I Am Kurious Benjii

Misspellings Intentional

Full Metal Racket; a teenage addiction to SNK’s Metal Slug

Tucked away upstairs a small computer store in Newark were two video game cabinets, among boxed PC games for sale. I was surprised to see them at all given that I was in the current climate where the video game arcade was dying off, though coming from Auckland a mere few months ago and spoiled with the luxury of Yiffans or the gamut of spaces across numerous takeaway shops dotted around the city, it was a bit of a culture shock for me.

I don’t recall what the second cabinet housed, I had a feeling it might have been one of those Operation Wolf style gun games. I damn sure remember what the first cabinet was though; Metal Slug.

[youtube https://www.youtube.com/watch?v=Wl11J6jq4rI&w=560&h=315]

My time spent at United Video (both when it was housed inside part of the video store or when the cabinets were in a concrete room down an alleyway and the more family-friendly area when it moved on the corner of Jasper Avenue) informed me greatly about the works of SNK. I recall pouring coins into the slots when King Of Fighters ’94 made it’s way into the establishment, next to the Tekken cabinet.

Going further back to 1992 when I first ended up in the Auckland Suburb, I was obsessed with the multi-game cabinets where Sengoku, King Of The Monsters and Fatal Fury were all housed in the one cabinet (the Neo-Geo MVS system.) Around that time, a lot of people were ardent Street Fighter: Championship Edition players used to the “revolutionary” six-button system whereas SNK games relied on their traditional four button system. For me, it felt odd having only two punch and two kick buttons but for ease of picking up and playing a game, it made perfect sense – and perhaps this was key for the appeal of those curious to Marco Rossi and his fellow soldiers.


Metal Slug seemed an unusual choice of game to introduce to the world upon its release. At the time, we were beginning to see the rise of 3D polygons pushed more to the forefront of gaming. Virtua Racing begat Daytona USA and Virtua Fighter 2 from the virtuosos at Sega while Namco brought Tekken and Ridge Racer to the table. 2D games were still being made but their interest waned in contrast to graphical advancements in gaming – unless you were a juggernaut such as Capcom or SNK, things got really hard. Even Capcom’s Street Fighter III in retrospect struggled by their own admission – this led to the now iconic series of Alpha/Zero games.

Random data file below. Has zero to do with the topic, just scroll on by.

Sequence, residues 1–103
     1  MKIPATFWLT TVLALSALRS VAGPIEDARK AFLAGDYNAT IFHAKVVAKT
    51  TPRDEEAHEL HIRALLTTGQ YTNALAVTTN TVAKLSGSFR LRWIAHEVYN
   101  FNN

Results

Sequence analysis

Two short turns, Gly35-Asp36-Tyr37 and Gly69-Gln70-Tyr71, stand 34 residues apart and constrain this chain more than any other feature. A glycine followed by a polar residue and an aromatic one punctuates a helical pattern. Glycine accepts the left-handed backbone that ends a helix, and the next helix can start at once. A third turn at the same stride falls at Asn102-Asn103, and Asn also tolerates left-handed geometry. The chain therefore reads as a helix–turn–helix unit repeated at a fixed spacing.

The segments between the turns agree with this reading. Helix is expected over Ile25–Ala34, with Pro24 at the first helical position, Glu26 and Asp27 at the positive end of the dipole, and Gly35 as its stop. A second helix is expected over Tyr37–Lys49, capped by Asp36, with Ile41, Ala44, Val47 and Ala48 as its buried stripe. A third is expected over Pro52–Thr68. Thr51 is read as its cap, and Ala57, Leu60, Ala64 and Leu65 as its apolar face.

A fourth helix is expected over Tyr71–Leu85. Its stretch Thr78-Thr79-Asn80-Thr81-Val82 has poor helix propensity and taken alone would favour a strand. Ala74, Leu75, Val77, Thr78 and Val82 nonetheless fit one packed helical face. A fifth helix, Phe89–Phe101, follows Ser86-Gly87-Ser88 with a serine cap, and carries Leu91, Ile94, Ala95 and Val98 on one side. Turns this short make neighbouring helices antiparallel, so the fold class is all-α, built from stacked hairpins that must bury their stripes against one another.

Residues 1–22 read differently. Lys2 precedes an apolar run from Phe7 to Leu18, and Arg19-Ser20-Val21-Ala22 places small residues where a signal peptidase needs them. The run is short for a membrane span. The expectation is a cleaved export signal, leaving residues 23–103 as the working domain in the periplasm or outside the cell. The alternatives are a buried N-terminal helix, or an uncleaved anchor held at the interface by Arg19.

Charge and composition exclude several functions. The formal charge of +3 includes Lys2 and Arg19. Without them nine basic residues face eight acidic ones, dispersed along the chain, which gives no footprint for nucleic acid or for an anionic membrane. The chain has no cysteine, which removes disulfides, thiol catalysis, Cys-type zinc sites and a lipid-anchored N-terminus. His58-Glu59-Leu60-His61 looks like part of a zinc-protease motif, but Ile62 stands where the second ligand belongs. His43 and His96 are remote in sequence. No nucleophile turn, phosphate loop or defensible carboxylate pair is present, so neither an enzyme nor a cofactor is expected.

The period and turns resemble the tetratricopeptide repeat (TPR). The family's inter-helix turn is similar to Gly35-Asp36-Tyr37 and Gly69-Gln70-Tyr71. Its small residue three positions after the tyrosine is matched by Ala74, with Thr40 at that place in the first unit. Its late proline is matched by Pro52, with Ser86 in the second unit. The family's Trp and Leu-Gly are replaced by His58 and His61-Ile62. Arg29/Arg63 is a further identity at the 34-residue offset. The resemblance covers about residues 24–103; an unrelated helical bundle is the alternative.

Arcade platformers also were certainly not overly popular at this time either; 2D fighting games still have a lifespan as the fighting game pretty much ruled the world at that time. We were still riding the wave of popularity Street Fighter 2 and Mortal Kombat provided us gamers, while World Heroes 2, Samurai Showdown, Killer Instinct and X-Men: Children Of The Atom became worthy adversaries to the 3D revolution.

SNK’s last attempt at platformer was the beat ’em up Top Hunter – Roddy and Cathy in 1994, which imbued some of its ideas into Metal Slug two years later. SNK’s bread-and-butter were fighting games and shoot-em-ups as the side-scroller seemed to have had its day with the odd dalliance into sports (Super Sidekicks series.) Top Hunter contained analogies that tapped both earlier works and informed later works from the company; the Fatal Fury rail system, where fighters can jump from background to foreground to avoid fights was utilized in the game while the luscious 2D pixel art a forerunner to the bullet hell that would follow two years later.


Metal Slug: Super Vehicle-001 saw it’s arcade release in April 1996 that at times begged for two-players to sink as many coins into the cabinet as possible. With a five-stage scenario, the game had a rather short playthrough that many could finish in thirty minutes, however, within that time a vast amount of credits would be used when first playing through. It helped turn the premise of a “run and gun”, a platformer that emphasised getting through the levels as quick as possible and just blasting anything on the screen, into a more common vernacular in video gaming. From all angles, the characters Marco Rossi and Tarma Roving were attacked by an onslaught of General Morden’s soldiers, tanks, planes, assault helicopters and boats.